Houghton Mifflin Social Studies


Unit 3 Bibliography: Ways of Living

The books listed below may be available through publishers, distributors such as bookstores or online retailers, or library systems.

Books for Independent Reading

Extra Support

Mount Rushmore
by Judith Jango-Cohen
Lerner, 2004
Brief text and photographs describe the creation of the presidential rock portraits and why they became a national symbol.

Silent Movie
by Avi
Atheneum, 2003
In a story reminiscent of a silent movie, a Swedish family immigrating to America becomes separated in New York.

Happy Birthday, America
by Mary Pope Osborne
Roaring Brook, 2003
A boy describes his family's celebration of the nation's birthday.

The Statue of Liberty
by Jill Braithwaite
Lerner, 2003
This simple photo essay relates why the Statue of Liberty is an important symbol of our country.

Labor Day
by Carmen Bredeson
Children's Press, 2001
The history, meaning, and customs of Labor Day are presented in this introduction to the national holiday.

On Level

Apple Pie 4th of July
by Janet S. Wong
Harcourt, 2002
A Chinese American girl is surprised to discover that people want to eat Chinese food on the Fourth of July.

Ellis Island
by Patricia Ryon Quiri
Children's Press, 1999
The immigration station on Ellis Island was the gateway to the United States for millions of people coming to America.

Grandma Maxine Remembers
by Ann Morris
Millbrook, 2002
A Shoshone grandmother relates family and cultural history to her granddaughter as they share daily tasks. See others in the series.

by Allan Drummond
Farrar, 2002
In a story based on a snippet from history, a boy describes helping unveil the Statue of Liberty in New York Harbor.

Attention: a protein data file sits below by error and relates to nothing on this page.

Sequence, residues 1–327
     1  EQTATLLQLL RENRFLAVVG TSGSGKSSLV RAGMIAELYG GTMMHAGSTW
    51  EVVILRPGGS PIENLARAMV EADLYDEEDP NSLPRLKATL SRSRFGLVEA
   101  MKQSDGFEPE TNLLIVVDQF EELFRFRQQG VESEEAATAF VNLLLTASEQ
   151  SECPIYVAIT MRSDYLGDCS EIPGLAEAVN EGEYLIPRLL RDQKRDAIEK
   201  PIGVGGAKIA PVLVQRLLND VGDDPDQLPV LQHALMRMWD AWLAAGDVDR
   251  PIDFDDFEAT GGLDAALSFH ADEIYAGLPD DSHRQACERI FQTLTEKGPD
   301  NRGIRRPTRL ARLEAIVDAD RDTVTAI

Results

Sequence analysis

The Ugly Vegetables
by Grace Lin
Charlesbridge, 2001
A girl's neighbors love the Chinese vegetables her mother grows in her garden.


Coming to America: A Muslim Family's Story
by Bernard Wolf
Lee and Low, 2003
This photo essay about an Egyptian Muslim family follows the three Mahmoud children at home, at school, and with friends.

We Are America: Mexican Americans
by Tristan Boyer Binns
Heinemann, 2003
Personal narratives, photos, and maps complement this look at Mexican Americans and their experiences in the United States. See others in the series.

Everybody Brings Noodles
by Norah Dooley
Carolrhoda, 2002
Carrie's neighbors bring delicious noodle dishes from many countries to her Fourth of July block party.

Good-bye, 382 Shin Dang Dong
by Frances Park and Ginger Park
National Geographic, 2003
Jangmi, a Korean girl, says good-bye to her neighborhood as her family prepares to move to America.

My Diary from Here to There
by Amada Irma Perez
Children's Book Press, 2002
A girl describes her feelings when her family decides to leave their home in Mexico to look for work in the United States.

Read Aloud and Reference

Read Aloud Books

Harvesting Hope
by Kathleen Krull
Harcourt, 2003
This picture book biography of Cesar Chavez tells how he improved the lives of thousands of migrant farm workers in California.

Marianthe's Story
by Aliki
Greenwillow, 1999
Two stories based on the author's own childhood show the difficulties a child faces coming to a new land.

Grandfather's Journey
by Allen Say
Houghton Mifflin, 1993
This Caldecott Medal–winning story relates the experiences of the author's grandfather's life in America and Japan.

Dancing the Ring Shout
by Kim L. Siegelson
Hyperion, 2003
Toby's farm family celebrates the harvest with a ring shout—a circle of singing, dancing, and playing instruments.

Miss Bridie Chose a Shovel
by Leslie Connor
Houghton Mifflin, 2004
A young immigrant carves out a new life in America with the help of a shovel.

Reference Books

We Are Americans
by Dorothy and Thomas Hoobler
Scholastic, 2003
Letters, diary entries, and oral histories create a unique portrait of the immigrant experience.

How I Celebrate
by Pam Robson
Millbrook, 2000
Children of different faiths, nations, and cultures celebrate many important events in their lives.

Children of Native America Today
by A. Hirschfelder and Y. W. Dennis
Charlesbridge, 2003
This photo essay features young people living in 25 contemporary Native communities in rural and urban settings.

Immigrant Children
by Sylvia Whitman
Lerner, 2000
Pictures and the informative text offer readers a view of immigrant children at the turn of the century who struggled to improve their lives.

Free and Inexpensive Materials

The Library of Congress
101 Independence Ave. SE
Washington, D.C. 20540

The Library of Congress
The library's Web site includes a feature that allows you to ask questions to a Library of Congress librarian.